Are Louisiana ports feeling the impact of sanctions against Russia?

Published: Mar. 10, 2022 at 9:06 PM CST|Updated: Mar. 11, 2022 at 6:39 AM CST
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NEW ORLEANS (WVUE) - Some Louisiana ports say they had been receiving Russian oil and other commodities from Russia before the U.S. banned imports of Russian oil and gas and energy this week.

The Port of South Louisiana along the Mississippi River.
The Port of South Louisiana along the Mississippi River.(Source: WVUE)

Paul Matthews is the Executive Director of the Port of South Louisiana.

“Our port was receiving 285,000 tons of oil from Russia, which has a value of about $81 million,” said Matthews. “So, on average we were getting about 285,000 tons yearly from Russia as far as oil was concerned.”

The U.S. had been importing more than a half-million barrels of Russian oil and refined products per day.

“The U.S. gets about 500,000 barrels of oilfield products from Russia a day, which is about 182.5 million barrels a year, so we won’t see any significant difference because of the lack of oil specifically coming from Russia,” said Matthews.

FOX 8 asked Matthews if all the Russian oil imports had stopped moving through the port he oversees.

“We haven’t seen that just yet. These contracts are done months and years prior to this process happening, so whenever you have a sanction, it really takes time before you see the effects of the sanction by the president to our economy,” said Matthews.

Further downstream on the Mississippi River sits the Port of New Orleans. Jessica Ragusa is Communications Manager for the Port of New Orleans. She said that the port does not receive oil or refined products from Russia but does get some other commodities.

“So, we have aluminum, iron, and steel mostly is what we’re seeing from Russia and these are all breakbulk commodities for us,” said Ragusa. “And those represent about 3% total for our entire calendar year of 2021″

The Port of South Louisiana also was getting more than Russian oil.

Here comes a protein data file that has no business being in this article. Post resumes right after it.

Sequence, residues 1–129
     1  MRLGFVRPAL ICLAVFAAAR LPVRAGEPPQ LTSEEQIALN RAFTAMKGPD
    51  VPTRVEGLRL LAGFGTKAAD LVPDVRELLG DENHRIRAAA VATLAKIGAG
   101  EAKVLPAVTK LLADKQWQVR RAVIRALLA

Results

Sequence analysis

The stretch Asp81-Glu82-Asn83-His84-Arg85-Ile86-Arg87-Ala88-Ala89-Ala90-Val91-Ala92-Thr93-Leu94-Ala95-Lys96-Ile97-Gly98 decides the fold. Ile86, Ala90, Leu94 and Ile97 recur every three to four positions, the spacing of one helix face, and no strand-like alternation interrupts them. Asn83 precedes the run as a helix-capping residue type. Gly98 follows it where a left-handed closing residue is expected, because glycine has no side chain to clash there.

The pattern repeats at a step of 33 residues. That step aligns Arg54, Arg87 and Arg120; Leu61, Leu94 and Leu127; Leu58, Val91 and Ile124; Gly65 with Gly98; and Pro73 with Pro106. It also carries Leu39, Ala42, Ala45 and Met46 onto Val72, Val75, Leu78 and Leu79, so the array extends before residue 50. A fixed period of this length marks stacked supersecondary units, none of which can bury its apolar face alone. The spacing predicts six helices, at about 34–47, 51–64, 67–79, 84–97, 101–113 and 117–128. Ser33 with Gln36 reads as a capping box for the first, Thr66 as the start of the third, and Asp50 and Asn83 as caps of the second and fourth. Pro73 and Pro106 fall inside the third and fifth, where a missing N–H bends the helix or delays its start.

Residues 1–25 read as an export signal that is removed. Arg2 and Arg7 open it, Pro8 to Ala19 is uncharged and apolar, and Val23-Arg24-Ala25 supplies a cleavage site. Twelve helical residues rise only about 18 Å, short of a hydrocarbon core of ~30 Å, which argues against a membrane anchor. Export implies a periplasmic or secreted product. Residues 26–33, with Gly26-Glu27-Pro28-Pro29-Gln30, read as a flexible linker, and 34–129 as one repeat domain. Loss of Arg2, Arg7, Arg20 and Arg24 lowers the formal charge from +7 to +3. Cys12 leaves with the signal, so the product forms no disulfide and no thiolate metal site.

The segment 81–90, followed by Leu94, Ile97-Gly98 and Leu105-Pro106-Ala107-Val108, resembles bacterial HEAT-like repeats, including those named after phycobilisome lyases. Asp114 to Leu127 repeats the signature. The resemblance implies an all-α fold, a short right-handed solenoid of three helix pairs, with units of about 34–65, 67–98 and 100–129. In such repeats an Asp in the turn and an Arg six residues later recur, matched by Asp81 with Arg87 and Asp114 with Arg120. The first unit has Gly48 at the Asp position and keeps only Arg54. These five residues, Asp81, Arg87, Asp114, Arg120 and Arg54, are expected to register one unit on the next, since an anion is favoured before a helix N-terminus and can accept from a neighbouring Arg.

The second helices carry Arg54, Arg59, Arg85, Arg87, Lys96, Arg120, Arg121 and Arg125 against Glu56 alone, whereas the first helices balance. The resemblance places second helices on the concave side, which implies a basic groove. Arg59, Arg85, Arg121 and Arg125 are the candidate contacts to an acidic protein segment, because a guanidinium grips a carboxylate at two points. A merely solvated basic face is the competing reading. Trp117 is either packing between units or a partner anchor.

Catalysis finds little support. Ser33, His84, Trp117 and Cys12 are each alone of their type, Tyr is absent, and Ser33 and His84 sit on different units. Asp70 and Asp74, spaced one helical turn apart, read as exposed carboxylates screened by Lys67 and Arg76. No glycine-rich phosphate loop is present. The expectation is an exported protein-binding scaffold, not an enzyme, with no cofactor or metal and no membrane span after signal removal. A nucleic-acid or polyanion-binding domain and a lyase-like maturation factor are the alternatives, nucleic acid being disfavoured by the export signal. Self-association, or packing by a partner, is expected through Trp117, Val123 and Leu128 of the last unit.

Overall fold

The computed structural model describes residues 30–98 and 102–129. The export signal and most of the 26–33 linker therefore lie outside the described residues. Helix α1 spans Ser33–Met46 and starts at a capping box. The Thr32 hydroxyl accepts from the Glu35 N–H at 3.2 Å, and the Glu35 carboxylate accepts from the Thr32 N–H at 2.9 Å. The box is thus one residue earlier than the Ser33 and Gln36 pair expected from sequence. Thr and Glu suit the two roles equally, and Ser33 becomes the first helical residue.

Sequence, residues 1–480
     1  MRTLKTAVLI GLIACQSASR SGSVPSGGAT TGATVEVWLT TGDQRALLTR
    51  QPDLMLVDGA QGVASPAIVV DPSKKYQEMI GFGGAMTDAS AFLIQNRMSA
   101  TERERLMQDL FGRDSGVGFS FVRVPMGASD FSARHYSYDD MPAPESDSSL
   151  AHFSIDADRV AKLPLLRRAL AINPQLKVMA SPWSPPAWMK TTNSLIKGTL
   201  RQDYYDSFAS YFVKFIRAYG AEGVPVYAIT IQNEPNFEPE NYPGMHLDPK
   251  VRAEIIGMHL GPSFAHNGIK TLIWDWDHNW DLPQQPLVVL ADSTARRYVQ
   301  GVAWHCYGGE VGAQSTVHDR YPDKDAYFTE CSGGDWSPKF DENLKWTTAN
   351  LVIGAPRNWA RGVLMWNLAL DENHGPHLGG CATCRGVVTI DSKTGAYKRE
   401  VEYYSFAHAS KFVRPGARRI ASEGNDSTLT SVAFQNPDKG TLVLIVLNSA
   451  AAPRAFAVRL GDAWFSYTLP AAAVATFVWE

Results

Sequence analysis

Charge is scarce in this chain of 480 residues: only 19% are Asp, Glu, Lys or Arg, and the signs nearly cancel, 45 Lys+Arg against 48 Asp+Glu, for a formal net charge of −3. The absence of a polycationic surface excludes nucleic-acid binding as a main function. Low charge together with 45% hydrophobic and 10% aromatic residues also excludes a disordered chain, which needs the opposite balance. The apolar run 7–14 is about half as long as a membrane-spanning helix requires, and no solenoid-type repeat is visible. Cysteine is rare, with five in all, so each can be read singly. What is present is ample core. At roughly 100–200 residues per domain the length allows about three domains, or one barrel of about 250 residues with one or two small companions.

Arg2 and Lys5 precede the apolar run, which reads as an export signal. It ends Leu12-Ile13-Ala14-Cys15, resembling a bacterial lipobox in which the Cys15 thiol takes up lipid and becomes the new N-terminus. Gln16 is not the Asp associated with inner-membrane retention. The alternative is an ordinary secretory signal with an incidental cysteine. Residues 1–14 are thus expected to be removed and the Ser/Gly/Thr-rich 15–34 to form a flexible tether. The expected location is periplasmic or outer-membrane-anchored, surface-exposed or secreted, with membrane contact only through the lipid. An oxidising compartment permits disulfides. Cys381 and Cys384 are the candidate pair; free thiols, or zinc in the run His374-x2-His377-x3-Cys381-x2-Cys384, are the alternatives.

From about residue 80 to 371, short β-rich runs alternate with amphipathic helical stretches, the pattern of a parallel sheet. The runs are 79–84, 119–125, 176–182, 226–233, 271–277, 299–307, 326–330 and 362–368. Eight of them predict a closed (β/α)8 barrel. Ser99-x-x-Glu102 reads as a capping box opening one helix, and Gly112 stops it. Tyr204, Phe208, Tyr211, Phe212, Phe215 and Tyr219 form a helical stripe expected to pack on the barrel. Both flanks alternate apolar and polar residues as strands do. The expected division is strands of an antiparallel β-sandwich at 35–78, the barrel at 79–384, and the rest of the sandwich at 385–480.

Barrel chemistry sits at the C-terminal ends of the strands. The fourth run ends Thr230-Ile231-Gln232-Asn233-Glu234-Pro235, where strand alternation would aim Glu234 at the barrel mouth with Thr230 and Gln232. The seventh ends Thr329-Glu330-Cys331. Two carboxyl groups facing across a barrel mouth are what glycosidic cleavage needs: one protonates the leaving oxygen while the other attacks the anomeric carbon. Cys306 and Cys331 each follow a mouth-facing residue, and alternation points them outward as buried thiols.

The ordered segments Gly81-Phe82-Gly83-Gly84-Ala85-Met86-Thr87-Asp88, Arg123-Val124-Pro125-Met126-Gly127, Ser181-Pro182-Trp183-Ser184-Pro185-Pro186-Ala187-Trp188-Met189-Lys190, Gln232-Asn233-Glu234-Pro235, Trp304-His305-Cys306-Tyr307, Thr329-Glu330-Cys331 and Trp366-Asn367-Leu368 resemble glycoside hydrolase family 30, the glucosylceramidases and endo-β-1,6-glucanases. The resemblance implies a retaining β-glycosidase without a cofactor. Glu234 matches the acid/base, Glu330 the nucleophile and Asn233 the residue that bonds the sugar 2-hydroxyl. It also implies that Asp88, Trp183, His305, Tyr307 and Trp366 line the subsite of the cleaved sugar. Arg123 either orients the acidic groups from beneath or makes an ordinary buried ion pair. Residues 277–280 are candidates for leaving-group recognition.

“We received some fertilizer, 83,000 tons of fertilizer, and 224,000 tons of steel products through Russia to the Port of South Louisiana,” said Matthews.

He said the port also moves 100-plus tons of grains each year. Russia is a major exporter of some grains.

“Over the last week or so now we’re starting to see there is a higher demand of grain coming from the United States to the rest of the world. Sixty percent of the nation’s grain is exported down the lower Mississippi River, and we recognize that Ukraine and Russia are two of the top major producers of corn and wheat,” said Matthews.

Russia’s invasion and ongoing assault on Ukraine have fuel costs soaring in the U.S. Both ports are cognizant of the impact that could have on certain sectors and activities.

“Russia is not a top trading partner with the Port of New Orleans, so what we’re looking at right now aside from high energy prices which translates to record high marine fuel costs for us the war has had little impact on us at this time,” said Ragusa.

Ports rely on truckers, too.

“From a transportation standpoint, anytime you have an increase in fuel prices it has an impact to transportation trade and logistics and what we’ll see long-term is probably higher prices. A lot of this cost really gets trickled down to the customer,” said Matthews.

Matthews says trade route changes are expected due to the ongoing conflict.

“We anticipate significant changes to trade routes which actually gives an opportunity for America’s farmers to increase their production and then have that grain come down the lower Mississippi and increase production within the Port of South Louisiana,” he said.

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